Dot-Depth and Monadic Quantifier Alternation over Pictures
Oliver Matz
In formulas of monadic second-order logic (MSO), quantifiers
range over set of elements or over elements of the universe
of some finite structure.
Fagin has shown in 1974 that not every MSO-formula is
equivalent to an existential one, i.e., a formula with a set
quantifier prefix of existential set quantifiers only, followed
by a first-order kernel formula (i.e. without set quantifiers).
Fagin asked in 1995 whether in MSO-formulas the quantifier
alternation depth of ``exist''-quantifiers on one hand and
``for-all''-quantifiers on the other hand can be bounded; in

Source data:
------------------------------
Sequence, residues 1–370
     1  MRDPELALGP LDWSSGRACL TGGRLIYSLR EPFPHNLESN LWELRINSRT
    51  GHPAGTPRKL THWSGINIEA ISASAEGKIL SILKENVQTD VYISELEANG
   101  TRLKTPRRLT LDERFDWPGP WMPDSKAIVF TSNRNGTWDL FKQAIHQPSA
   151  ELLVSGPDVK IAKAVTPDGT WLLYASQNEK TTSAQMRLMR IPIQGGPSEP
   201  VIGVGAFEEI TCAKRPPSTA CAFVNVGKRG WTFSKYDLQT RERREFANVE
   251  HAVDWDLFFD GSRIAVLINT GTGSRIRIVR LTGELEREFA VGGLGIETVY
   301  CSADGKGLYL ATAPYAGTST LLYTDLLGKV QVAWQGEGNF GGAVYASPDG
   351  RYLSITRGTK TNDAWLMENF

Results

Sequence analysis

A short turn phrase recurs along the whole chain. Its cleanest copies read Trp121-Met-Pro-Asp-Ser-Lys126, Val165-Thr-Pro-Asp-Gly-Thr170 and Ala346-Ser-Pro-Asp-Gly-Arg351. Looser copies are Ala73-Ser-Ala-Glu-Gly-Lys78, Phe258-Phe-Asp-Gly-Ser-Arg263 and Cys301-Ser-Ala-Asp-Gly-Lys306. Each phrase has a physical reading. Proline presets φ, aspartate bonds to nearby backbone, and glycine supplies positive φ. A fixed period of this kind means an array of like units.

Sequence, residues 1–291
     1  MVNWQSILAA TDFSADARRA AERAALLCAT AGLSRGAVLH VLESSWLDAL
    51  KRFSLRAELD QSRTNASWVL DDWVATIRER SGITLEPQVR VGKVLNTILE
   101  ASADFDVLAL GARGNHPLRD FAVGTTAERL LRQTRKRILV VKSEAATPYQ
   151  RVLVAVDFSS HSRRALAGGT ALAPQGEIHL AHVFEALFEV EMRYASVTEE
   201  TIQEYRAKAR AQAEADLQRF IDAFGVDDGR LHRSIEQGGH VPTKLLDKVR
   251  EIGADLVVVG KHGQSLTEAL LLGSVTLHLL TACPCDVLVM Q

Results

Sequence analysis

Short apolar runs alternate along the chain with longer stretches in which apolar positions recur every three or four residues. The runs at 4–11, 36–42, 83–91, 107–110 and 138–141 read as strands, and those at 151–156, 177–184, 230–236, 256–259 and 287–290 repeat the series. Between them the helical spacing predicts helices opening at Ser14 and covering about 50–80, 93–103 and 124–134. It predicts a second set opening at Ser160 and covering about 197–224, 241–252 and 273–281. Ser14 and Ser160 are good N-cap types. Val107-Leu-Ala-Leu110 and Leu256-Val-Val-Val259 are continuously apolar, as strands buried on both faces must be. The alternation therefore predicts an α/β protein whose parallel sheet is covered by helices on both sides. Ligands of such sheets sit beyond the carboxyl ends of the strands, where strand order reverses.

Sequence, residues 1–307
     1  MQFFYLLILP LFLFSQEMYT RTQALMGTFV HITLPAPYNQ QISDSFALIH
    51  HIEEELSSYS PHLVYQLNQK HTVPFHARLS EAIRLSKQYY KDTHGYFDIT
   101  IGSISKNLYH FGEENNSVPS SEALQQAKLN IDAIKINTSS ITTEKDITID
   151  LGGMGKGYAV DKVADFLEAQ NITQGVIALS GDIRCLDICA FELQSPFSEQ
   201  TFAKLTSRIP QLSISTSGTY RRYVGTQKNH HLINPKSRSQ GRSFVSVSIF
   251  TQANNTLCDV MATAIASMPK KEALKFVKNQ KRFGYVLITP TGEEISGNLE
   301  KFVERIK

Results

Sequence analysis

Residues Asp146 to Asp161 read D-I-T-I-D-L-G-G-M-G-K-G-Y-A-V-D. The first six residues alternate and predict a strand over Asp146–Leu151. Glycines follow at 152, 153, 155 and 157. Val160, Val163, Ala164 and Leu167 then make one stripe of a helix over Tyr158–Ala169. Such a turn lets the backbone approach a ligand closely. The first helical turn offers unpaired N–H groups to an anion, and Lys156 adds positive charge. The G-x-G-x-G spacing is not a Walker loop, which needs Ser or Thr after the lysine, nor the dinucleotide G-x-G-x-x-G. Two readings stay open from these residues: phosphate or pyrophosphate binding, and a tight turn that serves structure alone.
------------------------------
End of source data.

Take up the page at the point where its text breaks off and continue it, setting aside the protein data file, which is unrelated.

other words, whether there is a k>1 such that every MSO-formula
is equivalent to one with a set quantifier prefix of k blocks
of set quantifiers, existential and universal in alternation,
followed by a first-order kernel formula.
The thesis shows that this is not the case, even for a
particular class of finite structure, the so-called ``grids''.
Moreover, we investigate to what extent the alternation of
first-order quantifiers is responsible for the increase of
expressive power.
The investigation of these questions yields as a
by-product results about ``picture languages'', which are
the two-dimensional analogue to classical (one-dimensional)
languages. In particular it is shown that there is a starfree,
non-recognizable picture language, although both the notion
of ``starfreeness'' and that of ``recognizability'' are
straightforward generalizations of the corresponding notions
is the setting of classical languages.